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NIOSH Zadroga Act Will Cover 50 Types of Cancer for 9-11 Responders

  
  
  
niosh_zadroga_act_9-11Thousands of 9/11 responders, police officers, firefighters, students, and residents of downtown New York City will now be covered under the $4.3 billion Zadroga Act, which formerly denied any cancer coverage.  The medical fund is named for New York City Police officer James Zadroga, who was the first NYPD officer whose death was attributed to exposure to his contact with toxic chemicals at the site of the attacks. Those in contact with the toxic dust have sought for years to have their cancers acknowledged and treatments covered by the fund.  The government denied any connection between exposure to 9/11 toxins and an increased risk of cancer.



On June 8th, NIOSH (the National Institute for Occupational Safety and Health) stated that those workers, residents, and student who contracted cancer due to the toxic dust on 9/11 are now considered eligible for free medical treatment for cancers including those affecting respiratory and digestive systems, and other cancers including breast, ovarian, eye, oral, urinary tract cancers, and mesothelioma, melanomas, and lymphomas.

The list of ailments now includes 14 broad categories of cancer and 50 specific types, all of which were formally denied because federal officials stated that scientific evidence showed no link between exposure to 9/11 toxins and disease. First responders have consistently argued that the real reason for denial of coverage is because of cost to the federal government.

NIOSH based its revised decision on recommendations by an expert medical advisory panel who offered their opinions in March 2011. The panel further advised, however, against coverage for brain, pancreatic, and prostate cancer, stating there is not enough evidence to connect them to fall-out from 9/11.

Included in this ruling is the right of cancer sufferers to file claims with the Federal Victim Compensation Fund, which offers compensation to first responders and residents of downtown New York City, as well as students and workers for their out-of-pocket medical treatments, lost wages, and pain and suffering.

Public Health Hazard: Lead and Soil

  
  
  
Recently, an international study published in Atmospheric Environment revealed an urban public health hazard in the form of contaminated roadside soil dust.  View the original article



Studies performed in large inner-city areas (specifically Chicago, Detroit, Pittsburgh, and Birmingham) show that the turbulence created by traffic causes airborne



contaminants to be dislodged into the air we breathe. Lead was previously used in the manufacture of gasoline and other petroleum products between 1923 and 1995 in the United States, and previous testing showed that the roadside soil, especially in urban areas, contains very high levels of lead.

The recent study, conducted and published by PhD candidates in several leading universities indicates that lead and soil become aerosolized when continually disturbed and airborne contaminants are more easily ingested by people who live in or near these heavily-traveled, large urban centers.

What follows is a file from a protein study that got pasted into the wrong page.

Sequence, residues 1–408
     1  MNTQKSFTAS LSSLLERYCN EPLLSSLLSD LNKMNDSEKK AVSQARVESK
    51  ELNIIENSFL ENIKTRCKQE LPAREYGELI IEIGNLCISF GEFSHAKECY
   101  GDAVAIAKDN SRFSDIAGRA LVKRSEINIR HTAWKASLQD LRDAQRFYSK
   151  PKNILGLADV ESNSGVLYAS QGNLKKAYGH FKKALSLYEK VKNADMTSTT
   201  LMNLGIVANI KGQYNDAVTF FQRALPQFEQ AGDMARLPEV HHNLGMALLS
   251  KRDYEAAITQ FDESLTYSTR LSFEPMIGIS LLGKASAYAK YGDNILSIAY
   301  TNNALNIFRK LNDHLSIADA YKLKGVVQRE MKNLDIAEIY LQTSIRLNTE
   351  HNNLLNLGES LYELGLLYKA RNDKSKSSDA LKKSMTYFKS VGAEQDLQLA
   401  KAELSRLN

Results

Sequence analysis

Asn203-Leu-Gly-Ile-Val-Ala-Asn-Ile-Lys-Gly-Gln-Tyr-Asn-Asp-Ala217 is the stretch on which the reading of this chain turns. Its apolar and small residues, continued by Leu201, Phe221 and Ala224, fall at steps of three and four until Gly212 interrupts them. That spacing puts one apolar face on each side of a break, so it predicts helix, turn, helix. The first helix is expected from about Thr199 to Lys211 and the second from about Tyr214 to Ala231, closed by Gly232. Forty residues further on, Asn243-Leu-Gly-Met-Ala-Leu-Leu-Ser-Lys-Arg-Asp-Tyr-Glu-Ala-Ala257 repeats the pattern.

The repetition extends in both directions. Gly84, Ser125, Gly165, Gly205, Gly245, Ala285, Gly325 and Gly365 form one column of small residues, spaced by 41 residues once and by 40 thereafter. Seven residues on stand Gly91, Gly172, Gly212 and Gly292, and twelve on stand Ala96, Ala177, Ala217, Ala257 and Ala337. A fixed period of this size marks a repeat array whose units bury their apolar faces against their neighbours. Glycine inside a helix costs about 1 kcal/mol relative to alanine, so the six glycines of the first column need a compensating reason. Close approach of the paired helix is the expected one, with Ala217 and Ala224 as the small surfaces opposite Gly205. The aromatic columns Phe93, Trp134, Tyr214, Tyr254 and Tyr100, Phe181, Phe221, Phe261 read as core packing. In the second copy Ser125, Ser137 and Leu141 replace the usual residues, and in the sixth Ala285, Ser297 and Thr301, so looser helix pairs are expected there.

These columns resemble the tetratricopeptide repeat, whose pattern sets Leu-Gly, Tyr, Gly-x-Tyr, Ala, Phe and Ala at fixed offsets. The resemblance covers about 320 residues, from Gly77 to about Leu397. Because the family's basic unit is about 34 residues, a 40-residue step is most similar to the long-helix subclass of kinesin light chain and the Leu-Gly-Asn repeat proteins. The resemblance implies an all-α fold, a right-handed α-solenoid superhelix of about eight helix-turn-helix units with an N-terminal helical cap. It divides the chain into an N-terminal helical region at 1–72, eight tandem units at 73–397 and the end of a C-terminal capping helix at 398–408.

Older inner-city areas are at particularly high risk for accumulations of lead and soil along roadsides, and this study is particularly alarming because it was previously assumed that urban public health risks were lessened by these contaminants “stabilizing” with age. This January 2012 study shows that these airborne contaminants are in fact re-suspended, making them more readily breathed in and absorbed into the bloodstream, potentially leading to lead poisoning. The studies further showed the most re-suspension of particulates is during busy travel periods, such as holidays and weekends.



This study has implications for the United States as well as other industrialized nations that prior use of lead-containing petroleum products will have a long-term effect on at-risk populations, particularly in urban areas, and monitoring in conjunction with remediation will most likely be an international endeavor.

Changes to ASHRAE's Legionella Standard

  
  
  


by: H. Dale Wilson, CIH, LEED AP

Stronger standards aimed at reducing the number of Legionellosis (Legionnaires' disease) cases are being brought about through the proposed American Society of Heating, Refrigerating and Air-Conditioning Engineers (ASHRAE) Standard 188, “Prevention of Legionellosis Associated with Building Water Systems.” Hospitals and other medical facilities are advised to prepare for these changes to get a better grasp of potential problems before the standard is finalized.

According to the CDC, between 8,000 and 18,000 people are hospitalized every year with Legionnaire's disease, which is fatal in 5-30% of cases. It's a serious infection that can affect those with chronic lung conditions, smokers, or individuals with chronic immune system disorders or weaknesses.  It is hoped that these changes to ASHRAE's Legionella standard will prevent thousands of cases every year.

The changes are comprehensive, and include several steps. From the proposed Standard:

  • The facility is surveyed to determine its risk characterization, which determines what preventive measures are required under the standard.

  • A Hazard Analysis and Critical Control Points (HACCP) team is formed by the building owner, the owner's building management team or both. The team must include at least one person who understands the principles of HACCP and at least one person who understands the building water systems. Members of the HACCP team can be employees, suppliers, consultants or any combination thereof.

  • The team identifies the end point uses of potable and utility water systems within the facility.

  • The team creates at least two process flow diagrams—one for potable water and another for utility water—to describe how the water is processed and used in their facilities.